© Lilian Schober

Christian Heeb

Photographer and guest instructor at ViewFinder Center for Photography World-renowned Swiss travel and landscape photographer Christian Heeb is teaching at ViewFinder Center as a guest instructor. Based in Bend, Oregon (USA) but originally from St. Gallen, he has made a name for himself with his “scenic landcapes, lush environments as well as vibrant city scenes.” Travelling the world for 25 years, his photos have appeared in over 130 coffee table books, countless calendars and magazine articles.



a day in the life of


Look out London, here comes Heuscher! By Brien Donnellon

A favourite with the ladies, he is 1,94-metres tall with golden skin, a mop of caramel hair and an enviable bone structure. If his ‘Ken doll on the beach’ appearance was not striking enough, 35-year-old Patrick ‘Paddy’ Heuscher is also one of Switzerland’s best beach volleyball players. He won bronze in Athens in 2004 and will represent Switzerland at the London Olympics this August.

A gruelling schedule I meet Heuscher in the cool air of morning. He has been up since 7.30 a.m. to get ready for the day. He tells me he usually eats bread and jam with coffee and fruit for breakfast. Certainly stamina is a crucial ingredient for another shot at Olympic glory. Looking back, Heuscher remembers that his success in Athens came following the “difficult decision” to turn professional. “I postponed my psychology studies to focus on beach volleyball. Ultimately the sacrifice paid off.” He started with indoor volleyball at the age 15 and was introduced to beach volleyball by the Frauenfeld Juniors Volleyball Club. He opted for the latter because he wanted to play throughout the world, which is not possible with Swiss indoor volleyball. “I began playing with Stefan Kobel [,my partner in Athens,] and was occasionally supported by the renowned volleyball coach Marc Gerson.” Heuscher was just 20 when he played in his first International V lleyball Federation (FIVB) tournament in 1997. He counts Vo several Swiss beach volleyball legends among his partners (Stefan Kobel, Sascha Heyer, Jefferson Bellaguarda) and went on to win a string of metals at the European Championships: gold in 2004 in Germany, silver in 2005 in Russia and bronze in 2006 in Holland. In 2008, he and Heyer qualified for the Beijing Olympics. Since 2011, Heuscher has partnered with Brazilian-born Jefferson Bellaguarda. It is 9.30 a.m. and we are on our way to the sand court in Bern to meet ‘Bella’ as well as the Olympic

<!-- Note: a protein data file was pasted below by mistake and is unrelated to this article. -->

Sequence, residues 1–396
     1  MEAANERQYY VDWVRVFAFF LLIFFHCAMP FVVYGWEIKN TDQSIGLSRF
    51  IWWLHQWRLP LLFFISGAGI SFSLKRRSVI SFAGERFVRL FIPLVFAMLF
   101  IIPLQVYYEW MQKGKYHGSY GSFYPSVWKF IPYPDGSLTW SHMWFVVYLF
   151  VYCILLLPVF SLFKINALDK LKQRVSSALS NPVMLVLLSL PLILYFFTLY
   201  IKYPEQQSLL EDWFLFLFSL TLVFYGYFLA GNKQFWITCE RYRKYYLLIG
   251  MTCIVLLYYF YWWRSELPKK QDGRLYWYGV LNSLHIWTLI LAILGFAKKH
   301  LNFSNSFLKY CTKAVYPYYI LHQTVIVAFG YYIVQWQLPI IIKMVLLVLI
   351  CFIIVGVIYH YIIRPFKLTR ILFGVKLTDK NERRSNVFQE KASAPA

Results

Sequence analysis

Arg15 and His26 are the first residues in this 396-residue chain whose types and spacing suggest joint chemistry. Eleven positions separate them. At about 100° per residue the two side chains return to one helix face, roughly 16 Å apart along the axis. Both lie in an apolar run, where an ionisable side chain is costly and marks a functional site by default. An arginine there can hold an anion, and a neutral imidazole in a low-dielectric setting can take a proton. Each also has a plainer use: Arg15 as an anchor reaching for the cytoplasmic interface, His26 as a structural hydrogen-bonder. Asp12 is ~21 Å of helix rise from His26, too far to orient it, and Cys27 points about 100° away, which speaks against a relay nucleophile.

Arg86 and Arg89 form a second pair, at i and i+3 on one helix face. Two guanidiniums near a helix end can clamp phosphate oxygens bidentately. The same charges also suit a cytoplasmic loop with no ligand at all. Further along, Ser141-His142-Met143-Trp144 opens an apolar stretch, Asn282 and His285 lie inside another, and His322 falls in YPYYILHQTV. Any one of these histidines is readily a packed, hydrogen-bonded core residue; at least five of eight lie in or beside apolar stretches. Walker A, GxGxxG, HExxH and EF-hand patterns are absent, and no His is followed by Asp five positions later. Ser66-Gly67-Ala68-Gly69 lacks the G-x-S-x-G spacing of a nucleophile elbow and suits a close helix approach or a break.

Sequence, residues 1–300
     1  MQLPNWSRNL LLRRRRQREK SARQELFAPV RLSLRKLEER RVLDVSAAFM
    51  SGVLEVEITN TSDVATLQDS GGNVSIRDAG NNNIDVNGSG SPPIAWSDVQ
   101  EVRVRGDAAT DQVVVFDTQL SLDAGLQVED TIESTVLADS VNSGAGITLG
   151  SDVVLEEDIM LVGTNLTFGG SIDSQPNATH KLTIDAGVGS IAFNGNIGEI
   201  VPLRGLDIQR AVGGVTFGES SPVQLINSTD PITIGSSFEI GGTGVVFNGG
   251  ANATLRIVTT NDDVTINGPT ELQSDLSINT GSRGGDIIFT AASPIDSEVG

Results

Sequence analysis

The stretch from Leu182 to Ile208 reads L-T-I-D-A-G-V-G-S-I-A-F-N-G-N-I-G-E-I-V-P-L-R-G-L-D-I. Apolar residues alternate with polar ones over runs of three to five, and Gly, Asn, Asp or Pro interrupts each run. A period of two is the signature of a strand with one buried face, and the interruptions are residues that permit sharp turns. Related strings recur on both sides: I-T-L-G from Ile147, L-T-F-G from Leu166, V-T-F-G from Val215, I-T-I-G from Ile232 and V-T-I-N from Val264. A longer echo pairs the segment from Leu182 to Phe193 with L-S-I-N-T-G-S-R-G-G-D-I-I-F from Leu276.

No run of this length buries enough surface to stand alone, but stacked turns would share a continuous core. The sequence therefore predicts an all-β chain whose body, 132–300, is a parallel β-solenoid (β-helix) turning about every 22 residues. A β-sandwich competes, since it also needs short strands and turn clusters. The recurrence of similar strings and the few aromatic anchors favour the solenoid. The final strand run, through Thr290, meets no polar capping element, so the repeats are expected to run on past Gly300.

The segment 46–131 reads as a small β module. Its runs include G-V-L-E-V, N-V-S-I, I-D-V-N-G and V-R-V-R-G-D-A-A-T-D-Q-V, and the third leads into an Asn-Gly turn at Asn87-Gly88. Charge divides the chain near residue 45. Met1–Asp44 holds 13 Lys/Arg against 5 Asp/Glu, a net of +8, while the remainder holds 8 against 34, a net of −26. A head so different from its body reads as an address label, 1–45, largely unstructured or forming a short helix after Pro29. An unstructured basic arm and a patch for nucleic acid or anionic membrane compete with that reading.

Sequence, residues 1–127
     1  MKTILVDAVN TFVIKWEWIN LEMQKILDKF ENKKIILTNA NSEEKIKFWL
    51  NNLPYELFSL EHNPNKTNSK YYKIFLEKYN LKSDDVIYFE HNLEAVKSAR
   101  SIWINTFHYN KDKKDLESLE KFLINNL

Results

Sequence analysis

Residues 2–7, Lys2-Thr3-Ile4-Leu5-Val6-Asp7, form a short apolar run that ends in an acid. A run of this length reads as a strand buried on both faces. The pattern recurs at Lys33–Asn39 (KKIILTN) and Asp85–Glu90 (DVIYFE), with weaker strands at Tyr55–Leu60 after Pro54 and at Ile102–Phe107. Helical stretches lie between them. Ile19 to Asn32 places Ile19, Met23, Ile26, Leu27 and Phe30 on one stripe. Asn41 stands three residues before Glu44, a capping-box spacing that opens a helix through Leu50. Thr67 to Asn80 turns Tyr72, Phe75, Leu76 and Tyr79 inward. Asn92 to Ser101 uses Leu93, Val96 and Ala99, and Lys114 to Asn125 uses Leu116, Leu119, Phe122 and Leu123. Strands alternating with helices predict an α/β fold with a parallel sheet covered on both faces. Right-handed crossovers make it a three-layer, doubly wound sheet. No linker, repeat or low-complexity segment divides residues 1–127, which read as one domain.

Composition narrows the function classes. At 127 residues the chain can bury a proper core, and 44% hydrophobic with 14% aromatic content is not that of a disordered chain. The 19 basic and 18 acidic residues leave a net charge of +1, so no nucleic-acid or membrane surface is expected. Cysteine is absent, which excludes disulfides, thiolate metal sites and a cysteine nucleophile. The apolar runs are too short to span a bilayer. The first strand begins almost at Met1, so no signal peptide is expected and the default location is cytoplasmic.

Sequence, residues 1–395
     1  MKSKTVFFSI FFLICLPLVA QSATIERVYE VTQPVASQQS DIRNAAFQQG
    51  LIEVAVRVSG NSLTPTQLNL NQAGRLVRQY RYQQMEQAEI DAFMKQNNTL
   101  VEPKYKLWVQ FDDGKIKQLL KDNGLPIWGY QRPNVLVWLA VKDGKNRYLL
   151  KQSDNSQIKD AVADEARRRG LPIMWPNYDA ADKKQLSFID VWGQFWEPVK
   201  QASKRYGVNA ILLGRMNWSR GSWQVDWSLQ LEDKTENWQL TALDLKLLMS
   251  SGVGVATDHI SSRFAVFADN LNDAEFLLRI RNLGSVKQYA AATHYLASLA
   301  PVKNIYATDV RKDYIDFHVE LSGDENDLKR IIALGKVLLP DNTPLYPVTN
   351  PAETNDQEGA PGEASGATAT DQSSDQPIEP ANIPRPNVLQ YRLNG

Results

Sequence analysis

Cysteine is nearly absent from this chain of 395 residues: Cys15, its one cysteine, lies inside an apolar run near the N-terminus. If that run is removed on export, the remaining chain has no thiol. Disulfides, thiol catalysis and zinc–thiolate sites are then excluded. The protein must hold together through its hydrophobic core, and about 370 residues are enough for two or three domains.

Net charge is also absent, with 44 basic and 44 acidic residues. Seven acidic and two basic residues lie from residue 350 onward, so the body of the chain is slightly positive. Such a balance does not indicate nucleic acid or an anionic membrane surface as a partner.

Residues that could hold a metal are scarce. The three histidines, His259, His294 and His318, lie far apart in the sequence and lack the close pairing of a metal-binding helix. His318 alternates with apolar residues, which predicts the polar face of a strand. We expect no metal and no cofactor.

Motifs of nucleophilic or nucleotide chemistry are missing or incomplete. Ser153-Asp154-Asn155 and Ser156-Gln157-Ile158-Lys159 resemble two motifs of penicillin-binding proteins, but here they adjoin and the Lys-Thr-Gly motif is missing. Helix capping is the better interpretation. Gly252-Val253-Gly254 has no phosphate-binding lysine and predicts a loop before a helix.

duo’s coach and former beach volleyball legend Markus Egger. They will train intensively for two hours this morning – and undertake two sessions in the gym later in the week.

Olympic journey Over lunch (a low-fat fish and pasta dish), Heuscher checks his e-mails, makes some calls and even finds time to relax before afternoon training. I find out how he qualified for London. “It certainly wasn’t easy,” he laughs. “After an outstanding 2011 season with two podium places [bronze and silver] on the FIVB World To T ur, we expected similar success in 2012. Unfortunately